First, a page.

Jan 2, 2022

Phantom H1 - A new desktop PC

Happy New Year! 🎉🍾🍻

2022 marks a new year full of hope and opportunities.
What better way to ring in 2022 with a technology refresh, right? 😁

OK so 2021 has not been a great year for PC upgrades. Thanks to the pandemic and a confluence of factors, computer parts, especially graphic cards, are hard to come by. I've been hunting for a new RTX 3080 (or 3070) for over a year and still couldn't get it. 😔
Still, Black Friday brought some decent deals so I took the opportunity to upgrade my 3 year-old computer.

Did I need it? No, but it's fun to build and was a great project to undertake during the long holiday.

Actually, my current upgrade includes 2 phases. We're covering phase 1 in this post.
  1. New mini gaming PC - Move components out of my office/gaming PC to a new, mini computer connected to my big screen TV in the living room so I can game in 4K HDR.
  2. Upgrade office PC - Upgrade to an Intel motherboard and CPU on my office PC. It needs a refresh. I've been wanting to upgrade to a full-featured motherboard with front-panel USB-C connection. That was one big regret I had when building the old system.

Phase 1 - Mini gaming PC

The whole micro-ATX and mini-ITX form-factor never interested me until I saw the NZXT H1. That thing is so beautiful; compact, clean, modern, with a subtle sophistication to it. What's more is its quality build and great engineering. This case looks like a larger version of an XBOX Series X and comes in white, which perfectly complements my living room setup.

Needless to say, I fell in love when I first saw the H1, but the price of $349 was a little too much. It's actually a case, quality ITX (small form factor) power supply, and an All-In-One water cooler. Each of those components easily cost $100 so, I guess the price is justified. Still, it's a bit "too rich for my blood".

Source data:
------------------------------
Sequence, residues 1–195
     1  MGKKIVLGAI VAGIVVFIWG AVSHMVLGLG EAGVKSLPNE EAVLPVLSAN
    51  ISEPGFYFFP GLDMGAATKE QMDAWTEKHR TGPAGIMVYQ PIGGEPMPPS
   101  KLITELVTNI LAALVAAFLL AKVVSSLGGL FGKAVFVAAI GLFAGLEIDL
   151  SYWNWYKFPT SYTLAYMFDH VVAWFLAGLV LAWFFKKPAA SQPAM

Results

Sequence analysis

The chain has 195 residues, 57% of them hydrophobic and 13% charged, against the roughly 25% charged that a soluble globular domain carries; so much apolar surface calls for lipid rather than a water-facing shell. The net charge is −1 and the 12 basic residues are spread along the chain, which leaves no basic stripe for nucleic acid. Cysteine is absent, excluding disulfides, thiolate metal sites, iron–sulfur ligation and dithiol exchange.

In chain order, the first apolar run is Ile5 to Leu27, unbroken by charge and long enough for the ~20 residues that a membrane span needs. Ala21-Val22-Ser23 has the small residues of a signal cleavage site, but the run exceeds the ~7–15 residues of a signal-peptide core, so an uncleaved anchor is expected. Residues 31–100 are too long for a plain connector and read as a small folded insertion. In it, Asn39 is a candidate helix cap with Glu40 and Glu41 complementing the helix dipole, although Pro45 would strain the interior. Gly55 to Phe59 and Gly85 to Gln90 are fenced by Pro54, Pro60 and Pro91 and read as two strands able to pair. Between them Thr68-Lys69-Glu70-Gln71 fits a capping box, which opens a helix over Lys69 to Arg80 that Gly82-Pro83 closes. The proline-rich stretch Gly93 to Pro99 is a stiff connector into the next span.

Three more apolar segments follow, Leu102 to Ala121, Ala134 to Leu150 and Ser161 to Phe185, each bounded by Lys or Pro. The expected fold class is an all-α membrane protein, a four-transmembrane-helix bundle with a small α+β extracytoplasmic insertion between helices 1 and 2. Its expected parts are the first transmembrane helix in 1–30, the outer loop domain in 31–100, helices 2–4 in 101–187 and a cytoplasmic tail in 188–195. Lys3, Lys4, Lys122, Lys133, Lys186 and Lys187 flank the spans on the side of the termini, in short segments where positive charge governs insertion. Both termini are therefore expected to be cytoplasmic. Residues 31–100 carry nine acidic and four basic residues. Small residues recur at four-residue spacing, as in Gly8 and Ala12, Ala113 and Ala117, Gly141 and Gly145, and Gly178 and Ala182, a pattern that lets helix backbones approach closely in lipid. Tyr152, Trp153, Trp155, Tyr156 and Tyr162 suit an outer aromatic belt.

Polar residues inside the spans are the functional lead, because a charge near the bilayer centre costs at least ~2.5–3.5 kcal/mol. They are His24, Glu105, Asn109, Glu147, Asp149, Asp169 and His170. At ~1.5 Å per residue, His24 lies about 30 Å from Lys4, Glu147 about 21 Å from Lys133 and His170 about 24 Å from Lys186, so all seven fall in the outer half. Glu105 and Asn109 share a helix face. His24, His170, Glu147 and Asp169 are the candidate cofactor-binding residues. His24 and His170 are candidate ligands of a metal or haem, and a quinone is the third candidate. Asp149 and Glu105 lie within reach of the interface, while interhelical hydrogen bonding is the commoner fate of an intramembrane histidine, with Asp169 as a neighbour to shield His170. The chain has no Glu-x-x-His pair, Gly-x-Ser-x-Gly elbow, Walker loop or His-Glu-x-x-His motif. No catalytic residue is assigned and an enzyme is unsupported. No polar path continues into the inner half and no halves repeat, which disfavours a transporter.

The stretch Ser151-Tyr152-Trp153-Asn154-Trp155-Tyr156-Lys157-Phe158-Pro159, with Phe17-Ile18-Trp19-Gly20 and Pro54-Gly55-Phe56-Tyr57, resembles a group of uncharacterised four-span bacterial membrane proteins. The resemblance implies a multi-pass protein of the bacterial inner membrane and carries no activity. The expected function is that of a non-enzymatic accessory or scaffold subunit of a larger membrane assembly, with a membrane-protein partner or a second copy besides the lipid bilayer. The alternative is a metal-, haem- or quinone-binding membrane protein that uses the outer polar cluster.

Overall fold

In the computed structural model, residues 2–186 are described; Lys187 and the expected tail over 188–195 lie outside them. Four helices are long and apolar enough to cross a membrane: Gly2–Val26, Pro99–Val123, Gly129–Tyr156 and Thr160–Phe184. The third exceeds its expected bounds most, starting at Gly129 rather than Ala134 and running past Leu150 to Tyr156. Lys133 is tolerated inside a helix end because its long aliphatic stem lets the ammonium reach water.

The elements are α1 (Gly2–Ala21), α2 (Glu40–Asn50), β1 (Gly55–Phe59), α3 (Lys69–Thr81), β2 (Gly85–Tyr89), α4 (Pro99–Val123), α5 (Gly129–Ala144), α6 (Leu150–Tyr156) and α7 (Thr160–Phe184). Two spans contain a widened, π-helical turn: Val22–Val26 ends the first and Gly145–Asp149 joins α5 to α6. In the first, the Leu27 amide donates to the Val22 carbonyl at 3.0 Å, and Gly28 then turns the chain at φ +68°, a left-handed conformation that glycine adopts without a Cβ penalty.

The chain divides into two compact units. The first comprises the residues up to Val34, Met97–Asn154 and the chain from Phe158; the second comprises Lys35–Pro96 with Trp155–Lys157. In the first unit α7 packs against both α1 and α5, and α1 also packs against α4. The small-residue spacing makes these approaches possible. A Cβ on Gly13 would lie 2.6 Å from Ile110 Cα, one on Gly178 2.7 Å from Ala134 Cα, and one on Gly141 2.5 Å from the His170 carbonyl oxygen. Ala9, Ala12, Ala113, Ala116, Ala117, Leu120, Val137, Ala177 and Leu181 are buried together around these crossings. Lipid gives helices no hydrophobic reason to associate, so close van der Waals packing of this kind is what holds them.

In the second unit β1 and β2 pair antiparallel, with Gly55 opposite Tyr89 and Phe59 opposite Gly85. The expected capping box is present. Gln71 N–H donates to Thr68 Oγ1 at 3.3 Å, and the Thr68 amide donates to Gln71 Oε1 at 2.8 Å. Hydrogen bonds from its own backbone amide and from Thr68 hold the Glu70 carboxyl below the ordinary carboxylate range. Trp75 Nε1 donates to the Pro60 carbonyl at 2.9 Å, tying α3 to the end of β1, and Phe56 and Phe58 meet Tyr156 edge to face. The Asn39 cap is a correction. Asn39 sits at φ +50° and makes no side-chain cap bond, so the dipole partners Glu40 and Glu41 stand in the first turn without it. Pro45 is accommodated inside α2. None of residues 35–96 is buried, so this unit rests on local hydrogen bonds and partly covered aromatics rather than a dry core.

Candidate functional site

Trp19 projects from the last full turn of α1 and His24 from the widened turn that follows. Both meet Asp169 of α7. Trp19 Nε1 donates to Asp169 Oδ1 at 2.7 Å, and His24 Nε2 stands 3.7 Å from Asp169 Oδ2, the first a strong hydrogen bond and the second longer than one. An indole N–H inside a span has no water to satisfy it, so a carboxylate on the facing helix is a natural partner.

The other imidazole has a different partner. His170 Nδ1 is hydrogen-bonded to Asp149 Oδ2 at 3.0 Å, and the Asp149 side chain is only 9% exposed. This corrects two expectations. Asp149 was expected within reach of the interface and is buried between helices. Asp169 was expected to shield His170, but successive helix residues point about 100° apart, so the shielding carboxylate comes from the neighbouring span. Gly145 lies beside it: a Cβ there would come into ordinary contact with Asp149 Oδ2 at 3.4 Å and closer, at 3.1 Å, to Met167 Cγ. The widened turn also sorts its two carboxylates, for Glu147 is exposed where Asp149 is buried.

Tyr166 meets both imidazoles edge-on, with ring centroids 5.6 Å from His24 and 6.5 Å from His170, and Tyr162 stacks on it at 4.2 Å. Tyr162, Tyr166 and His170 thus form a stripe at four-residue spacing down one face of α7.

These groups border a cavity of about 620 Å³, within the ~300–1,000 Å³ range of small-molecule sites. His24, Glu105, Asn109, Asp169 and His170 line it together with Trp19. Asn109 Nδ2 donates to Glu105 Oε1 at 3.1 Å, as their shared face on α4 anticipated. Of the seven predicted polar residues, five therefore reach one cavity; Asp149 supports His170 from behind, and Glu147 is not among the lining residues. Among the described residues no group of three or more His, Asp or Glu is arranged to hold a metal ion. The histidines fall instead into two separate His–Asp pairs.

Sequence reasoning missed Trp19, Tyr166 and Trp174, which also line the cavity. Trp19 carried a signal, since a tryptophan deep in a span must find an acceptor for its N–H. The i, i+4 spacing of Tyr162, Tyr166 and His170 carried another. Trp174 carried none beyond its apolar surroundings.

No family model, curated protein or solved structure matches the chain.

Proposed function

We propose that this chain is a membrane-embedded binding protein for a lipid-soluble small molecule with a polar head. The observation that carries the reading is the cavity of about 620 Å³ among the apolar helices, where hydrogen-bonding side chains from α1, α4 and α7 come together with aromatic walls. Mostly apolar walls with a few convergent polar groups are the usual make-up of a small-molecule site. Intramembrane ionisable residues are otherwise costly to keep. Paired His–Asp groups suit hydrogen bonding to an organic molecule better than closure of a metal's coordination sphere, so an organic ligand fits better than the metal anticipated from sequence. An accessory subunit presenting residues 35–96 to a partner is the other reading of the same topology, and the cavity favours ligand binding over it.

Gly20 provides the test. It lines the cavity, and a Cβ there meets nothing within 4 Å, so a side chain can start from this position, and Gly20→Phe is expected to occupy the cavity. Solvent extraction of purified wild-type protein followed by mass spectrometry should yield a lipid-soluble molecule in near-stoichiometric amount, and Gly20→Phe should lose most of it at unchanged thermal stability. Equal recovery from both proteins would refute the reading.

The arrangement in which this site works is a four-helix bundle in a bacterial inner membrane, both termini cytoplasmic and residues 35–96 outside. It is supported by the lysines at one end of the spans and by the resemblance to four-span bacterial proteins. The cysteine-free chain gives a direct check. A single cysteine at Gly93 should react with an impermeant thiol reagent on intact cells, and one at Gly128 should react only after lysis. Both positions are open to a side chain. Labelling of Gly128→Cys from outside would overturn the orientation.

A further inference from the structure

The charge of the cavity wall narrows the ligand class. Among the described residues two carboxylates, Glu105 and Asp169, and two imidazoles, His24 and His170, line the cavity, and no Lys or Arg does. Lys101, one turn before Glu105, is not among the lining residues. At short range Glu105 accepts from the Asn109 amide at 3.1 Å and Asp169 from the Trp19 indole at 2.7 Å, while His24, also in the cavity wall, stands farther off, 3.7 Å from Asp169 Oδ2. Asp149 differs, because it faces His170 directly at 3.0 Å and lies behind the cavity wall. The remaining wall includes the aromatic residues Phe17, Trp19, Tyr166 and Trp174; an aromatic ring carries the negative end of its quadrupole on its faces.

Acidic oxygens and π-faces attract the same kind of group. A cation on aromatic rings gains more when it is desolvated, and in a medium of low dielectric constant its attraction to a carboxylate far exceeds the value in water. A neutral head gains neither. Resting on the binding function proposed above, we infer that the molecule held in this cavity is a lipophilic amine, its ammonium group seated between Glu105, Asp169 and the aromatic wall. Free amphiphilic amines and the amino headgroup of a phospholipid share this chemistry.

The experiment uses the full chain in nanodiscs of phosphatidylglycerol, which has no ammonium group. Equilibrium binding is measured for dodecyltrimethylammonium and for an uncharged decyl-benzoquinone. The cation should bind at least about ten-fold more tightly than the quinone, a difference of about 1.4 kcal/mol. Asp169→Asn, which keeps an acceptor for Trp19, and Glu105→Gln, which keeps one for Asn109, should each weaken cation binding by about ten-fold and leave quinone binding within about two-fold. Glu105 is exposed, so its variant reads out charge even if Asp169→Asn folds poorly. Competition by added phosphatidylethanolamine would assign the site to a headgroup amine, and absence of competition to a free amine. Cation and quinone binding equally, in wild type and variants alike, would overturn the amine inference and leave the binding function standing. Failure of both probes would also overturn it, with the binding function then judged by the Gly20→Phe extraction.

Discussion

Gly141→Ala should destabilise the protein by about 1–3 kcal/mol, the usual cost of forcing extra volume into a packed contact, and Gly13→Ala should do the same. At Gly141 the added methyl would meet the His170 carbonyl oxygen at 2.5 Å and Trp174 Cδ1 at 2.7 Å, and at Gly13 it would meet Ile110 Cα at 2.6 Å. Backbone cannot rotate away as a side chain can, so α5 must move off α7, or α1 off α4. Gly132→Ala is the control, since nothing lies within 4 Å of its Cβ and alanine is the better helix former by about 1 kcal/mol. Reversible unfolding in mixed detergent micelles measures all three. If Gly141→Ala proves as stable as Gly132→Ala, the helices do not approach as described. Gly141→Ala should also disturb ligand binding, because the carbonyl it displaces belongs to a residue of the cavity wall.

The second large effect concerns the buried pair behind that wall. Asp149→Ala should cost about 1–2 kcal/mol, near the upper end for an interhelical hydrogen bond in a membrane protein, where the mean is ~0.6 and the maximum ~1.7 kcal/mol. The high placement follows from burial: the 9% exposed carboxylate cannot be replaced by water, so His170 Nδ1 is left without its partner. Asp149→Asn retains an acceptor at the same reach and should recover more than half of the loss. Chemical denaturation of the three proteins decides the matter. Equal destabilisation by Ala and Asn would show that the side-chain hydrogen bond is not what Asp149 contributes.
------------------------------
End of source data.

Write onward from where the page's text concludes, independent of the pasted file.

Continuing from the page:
Thanks to the magic of Black Friday, NZXT put this case on sale for $180, then further dropped the price to $150. At this price, purchasing it was a no brainer for me.

Problem: mini ITX motherboards aren't cheap. They typically run north of $200 when my budget for a motherboard is around $120.
I can build both on Intel or AMD platforms as I can use a recently purchased an i7 10700K CPU ($150 from Microcenter) or a recently purchased Ryzen 7 5800X ($300 from BestBuy). Motherboard choices on ITX platform isn't great either. Luckily I came across another deal: Asrock B550 Phantom Gaming for $150. This thing has everything I wanted: front panel USB-C connector, 2 NVME slots (1 with heatsink), robust VRM, Wifi6, and RGB headers.

Component breakdown:
  1. NZXT H1 mini-ITX case, 650W power supply, 140mm AIO - $150
  2. Asrock B550 Phantom Gaming m-ITX - $150
  3. AMD Ryzen 7 5800X - $300
  4. EVGA GTX 1070ti SC - Re-used from old system
  5. Corsair Vengeance Pro 32GB DDR4-3200 - $130 (purchased 2 kits last year for my wife's video editing rig but she only used one)
  6. MSI Spatium M740 1TB NVMe Gen4 - $75
  7. 1 x 140mm NXZT AER-P static-pressure fan - $7. This is added to the rear panel for increased airflow.
Total system cost: $812
This isn't a budget build but it is quite reasonable. If you want to save money, get a 5700G CPU for around $260 and forgo the videocard.

Future additions:
  1. 2nd NVMe drive on the back of the motherboard to add capacity.
  2. 4TB 2.5" HDD to add even more capacity.
  3. 2nd 140mm fan on the back to vent even more hot air and to complete the pair. I need a fan splitter for this as the mobo only has 1 extra fan header, which I've already used for the existing rear fan.

Here's some benchmark numbers (no overclock):
According to Passmark, this system is in the top 2% percent in the world. Not bad for a mini computer.

PassMark Rating


Plays well with my KEF speakers

You can see a bit of that air gap at the top

Mod 1: 140mm static pressure fan

Mod 2: small magnets to create air gap

Looking good while being benchmarked

System innards. Love the design.
Yes, that's the new, slightly downgraded PSU.

Can't believe so much fits into this little thing

Motherboard I/O Panel

ZEROSVN Tech Enthusiast

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